There were many other miracles, as at one point between the years 1620 and 1642, there were 82 documented miracles involving the blind who received their sight, the paralysed who regained the use of the limbs and those instantly cured of cancer, among other miracles.
Saint Bernadette Soubirous frequently visited the Shrine of Betharram. In fact, the rosary beads that Bernadette used when praying with the Blessed Virgin during the first apparition at Lourdes had come from the Betharram Shrine and the priest to whom she was sent after the apparitions, was Saint Michel Garicoïts (1797-1863) the Priest of Betharram. He it was who alone believed Bernadette’s accounts of the apparitions at Lourdes. He was Canonised in 1947. About St Michel Garicoits here: https://anastpaul.com/2019/05/14/saint-of-the-day-14-may-saint-michel-garicoits-1797-1863/
The Cross that the winds could not destroy was finally destroyed by the folly of man during the French Revolution. The property was unlawfully confiscated and the Chaplains expelled. Saint Pope Pius X was known to be devoted to Our Lady of Betharam. He offered her two magnificent golden crowns made up of branches woven together. The prayer accompanying the inscription stated: “May the Son and His Mother accept our gifts and by appeasing our hopes and desires, may they keep for us, one day, the crown of glory which none can tarnish.”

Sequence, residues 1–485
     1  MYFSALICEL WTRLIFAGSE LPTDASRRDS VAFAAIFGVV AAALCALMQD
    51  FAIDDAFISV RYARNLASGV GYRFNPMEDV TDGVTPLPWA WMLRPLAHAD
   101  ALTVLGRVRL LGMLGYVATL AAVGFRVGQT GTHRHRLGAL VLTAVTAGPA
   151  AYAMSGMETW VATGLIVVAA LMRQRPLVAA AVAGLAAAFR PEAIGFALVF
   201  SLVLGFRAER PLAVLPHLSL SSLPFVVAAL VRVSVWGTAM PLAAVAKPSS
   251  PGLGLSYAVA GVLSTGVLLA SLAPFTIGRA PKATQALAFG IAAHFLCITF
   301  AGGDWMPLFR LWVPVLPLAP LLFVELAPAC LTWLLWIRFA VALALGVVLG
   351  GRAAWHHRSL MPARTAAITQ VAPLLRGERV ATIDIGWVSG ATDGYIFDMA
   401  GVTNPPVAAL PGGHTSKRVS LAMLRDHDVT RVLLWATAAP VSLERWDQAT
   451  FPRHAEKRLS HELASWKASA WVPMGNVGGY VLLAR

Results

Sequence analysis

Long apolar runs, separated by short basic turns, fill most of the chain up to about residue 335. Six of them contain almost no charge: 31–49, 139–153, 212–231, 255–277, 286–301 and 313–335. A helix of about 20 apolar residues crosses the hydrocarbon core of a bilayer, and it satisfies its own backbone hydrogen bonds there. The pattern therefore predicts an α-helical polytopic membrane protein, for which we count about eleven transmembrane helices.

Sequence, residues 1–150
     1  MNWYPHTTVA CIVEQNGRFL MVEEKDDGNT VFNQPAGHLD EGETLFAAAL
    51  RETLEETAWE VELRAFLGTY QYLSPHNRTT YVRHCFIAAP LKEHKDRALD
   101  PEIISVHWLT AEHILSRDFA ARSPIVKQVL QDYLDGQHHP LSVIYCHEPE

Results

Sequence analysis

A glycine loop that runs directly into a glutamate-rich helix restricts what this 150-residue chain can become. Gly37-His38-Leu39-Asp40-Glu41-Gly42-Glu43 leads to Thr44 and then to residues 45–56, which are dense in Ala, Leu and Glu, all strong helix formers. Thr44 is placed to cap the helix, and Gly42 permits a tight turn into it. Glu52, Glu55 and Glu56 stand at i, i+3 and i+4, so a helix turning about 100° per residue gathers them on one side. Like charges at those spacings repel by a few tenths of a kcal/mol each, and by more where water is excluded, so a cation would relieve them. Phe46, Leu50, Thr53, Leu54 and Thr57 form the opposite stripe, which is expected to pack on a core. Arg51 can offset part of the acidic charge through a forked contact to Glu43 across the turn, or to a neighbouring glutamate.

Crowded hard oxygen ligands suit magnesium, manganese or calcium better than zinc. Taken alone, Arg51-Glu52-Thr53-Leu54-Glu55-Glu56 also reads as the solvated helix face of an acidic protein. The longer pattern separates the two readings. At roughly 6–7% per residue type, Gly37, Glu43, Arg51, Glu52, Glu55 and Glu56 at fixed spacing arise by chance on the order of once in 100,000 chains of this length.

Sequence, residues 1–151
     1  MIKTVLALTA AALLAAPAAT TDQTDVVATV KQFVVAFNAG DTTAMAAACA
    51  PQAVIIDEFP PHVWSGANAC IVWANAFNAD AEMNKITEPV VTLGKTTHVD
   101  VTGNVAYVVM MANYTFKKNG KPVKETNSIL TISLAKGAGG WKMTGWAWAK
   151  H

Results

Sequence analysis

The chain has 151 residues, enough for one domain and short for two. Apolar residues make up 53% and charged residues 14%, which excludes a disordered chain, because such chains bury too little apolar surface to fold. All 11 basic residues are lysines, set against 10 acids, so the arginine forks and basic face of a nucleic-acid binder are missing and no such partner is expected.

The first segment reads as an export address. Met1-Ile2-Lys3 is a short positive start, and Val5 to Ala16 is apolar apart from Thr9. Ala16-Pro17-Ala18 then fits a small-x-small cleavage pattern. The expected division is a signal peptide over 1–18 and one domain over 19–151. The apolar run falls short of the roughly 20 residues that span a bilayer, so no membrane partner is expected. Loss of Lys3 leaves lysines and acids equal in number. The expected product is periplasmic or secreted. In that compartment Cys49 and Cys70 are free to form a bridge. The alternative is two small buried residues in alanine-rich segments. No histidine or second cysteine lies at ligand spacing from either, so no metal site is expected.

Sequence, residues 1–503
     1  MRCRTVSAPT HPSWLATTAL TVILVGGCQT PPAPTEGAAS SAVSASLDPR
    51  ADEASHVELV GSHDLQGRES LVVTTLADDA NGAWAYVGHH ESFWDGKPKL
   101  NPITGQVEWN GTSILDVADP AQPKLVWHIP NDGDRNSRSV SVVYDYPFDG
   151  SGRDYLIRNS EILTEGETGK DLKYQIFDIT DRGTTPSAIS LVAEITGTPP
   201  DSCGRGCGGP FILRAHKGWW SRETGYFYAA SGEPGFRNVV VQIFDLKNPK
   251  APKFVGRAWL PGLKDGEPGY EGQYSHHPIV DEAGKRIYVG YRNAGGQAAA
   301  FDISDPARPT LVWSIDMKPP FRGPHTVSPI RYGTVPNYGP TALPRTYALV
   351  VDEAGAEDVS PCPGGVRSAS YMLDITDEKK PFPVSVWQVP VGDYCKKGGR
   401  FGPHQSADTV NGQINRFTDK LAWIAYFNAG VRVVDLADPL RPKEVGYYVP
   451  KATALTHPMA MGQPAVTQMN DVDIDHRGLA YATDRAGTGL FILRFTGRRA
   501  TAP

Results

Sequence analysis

Martyrs of Persia: Bishops, priests, deacons and laity who were martyred in Persia and celebrated together. Several of them have their stories related in the Acta of Saints Abdon and Sennen. • Abdiesus the Deacon • Abrosimus • Aceptismas of Hnaita • Aithilahas of Persia • Azadanes the Deacon • Azades the Eunuch • Bicor • Chrysotelus of Persia • Helimenas of Persia • James of Persia • Joseph of Persia • Lucas of Persia • Mareas • Milles of Persia • Mucius of Persia • Parmenius of Persia • Tarbula of Persia